I agree with Wanda and Brian in comment #21 a lot of this left/brain stuff is just people rationalizing their own short comings.

    Most people are a blend of right and left brain behavior, there are not many “free spirits” and even less natural nerds, most people have these sides of themselves nurtured over a life time, but we’re all capable of adjusting a bit to take the burden off of others.

    I find a lot of the numbers, spreadsheets and such just as boring as the next guy, but in order to make cool things happen as an engineer I had to get on the stick and learn how,so it is possible to do both.

    The 25 year in the article just sounded lazy and some teacher in a beret in art class told him that it was okay to avoid challenging things because he was so “free”. But retirement is a part of life and planning for it is part of being an adult.

    I hope to never be “balanced out” by someone who thinks that their whole purpose in life is to chase rainbows and for me to figure out a way to get us there.

    “Here’s the plan, I go outside an play while you pay the bills.” no thanks.

  25. DB says:

    @Brian – I am 24 now (soon to be 25), and have a basic visualized Idea of what I wish to be doing during my retirement. It involves consulting part time writing stories and enough land for 2 – 3 dogs to be comfortable in.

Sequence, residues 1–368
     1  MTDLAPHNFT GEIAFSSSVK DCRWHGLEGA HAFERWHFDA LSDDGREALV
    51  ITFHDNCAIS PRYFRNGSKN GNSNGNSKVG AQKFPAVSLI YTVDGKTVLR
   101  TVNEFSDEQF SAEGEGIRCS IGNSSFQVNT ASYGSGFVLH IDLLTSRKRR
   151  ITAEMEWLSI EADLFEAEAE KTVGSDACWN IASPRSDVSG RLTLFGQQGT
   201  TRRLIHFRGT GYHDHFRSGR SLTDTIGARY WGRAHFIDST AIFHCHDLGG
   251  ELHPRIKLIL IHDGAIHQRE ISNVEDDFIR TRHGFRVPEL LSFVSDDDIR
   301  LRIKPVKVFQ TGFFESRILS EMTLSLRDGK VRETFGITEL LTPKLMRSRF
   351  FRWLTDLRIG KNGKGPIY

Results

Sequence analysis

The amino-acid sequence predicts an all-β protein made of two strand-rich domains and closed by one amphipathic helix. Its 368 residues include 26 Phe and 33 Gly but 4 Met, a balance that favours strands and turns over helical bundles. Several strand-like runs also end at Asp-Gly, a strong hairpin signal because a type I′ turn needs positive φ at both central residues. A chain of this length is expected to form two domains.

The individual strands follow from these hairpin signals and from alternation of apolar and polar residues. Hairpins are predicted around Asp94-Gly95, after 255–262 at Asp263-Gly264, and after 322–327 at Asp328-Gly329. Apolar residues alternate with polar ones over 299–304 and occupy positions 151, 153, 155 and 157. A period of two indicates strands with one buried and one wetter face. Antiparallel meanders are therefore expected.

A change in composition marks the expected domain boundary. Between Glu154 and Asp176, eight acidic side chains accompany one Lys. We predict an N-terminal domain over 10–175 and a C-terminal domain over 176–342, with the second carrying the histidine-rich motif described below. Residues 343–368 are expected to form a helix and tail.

I should have worded it differently – many people your age may *think* they know what they want to be doing, or indeed may be absolutely sure of it, but in reality what your life will be like 30 or 40 years down the road – or even just 10, for that matter – is likely be far different from what you now envision. Which is fine, of course – who’d want to know exactly how everything will turn out? The mystery of it all, and the journey getting there, is what it’s all about. Again, though, like I said, I do applaud you for having a vision and using that to motivate yourself.

    As Langston Hughes said:

    Hold fast to dreams
    For if dreams die
    Life is a broken-winged bird
    That cannot fly.

    Hold fast to dreams
    For when dreams go
    Life is a barren field
    Frozen with snow.

  26. Jim says:

    I am a right brainer that went into a left brain academic and professional career because I thought it would be challenging. 12 years into the professional part now, and I enjoy it still, but I find myself dreaming about a second career in a left brained field.

  27. Todd says:

    The new book “Nudge” talks about this phenomenon as being not so much caused by people being left or right brained, but because humans are not perfect economists. Basically the authors state that with better “choice architecture”, better decisions can be made.

  28. DMartin says:


    Just thought I’d let you know this gave me a laugh and found it interesting.

    I’d be a left-brainer. I think I handled financial matters fine while I was single. Not brilliantly–I had no long term savings, etc–but I was able to marry debt-free. So I was quite happy to hand all things financial and numbery to my husband, an engineer who likes doing analyses.

    I tend to come here every few days and skim through things, getting the gist, and reading what I find interesting. I like the principles, but generally can’t bear the details. When I point something out to my husband, I notice he gets sidetracked and moves on to the the articles I tend to skim over faster, and I go find something else to do besides looking over his shoulder.

    I think you do a pretty good job of writing to both types.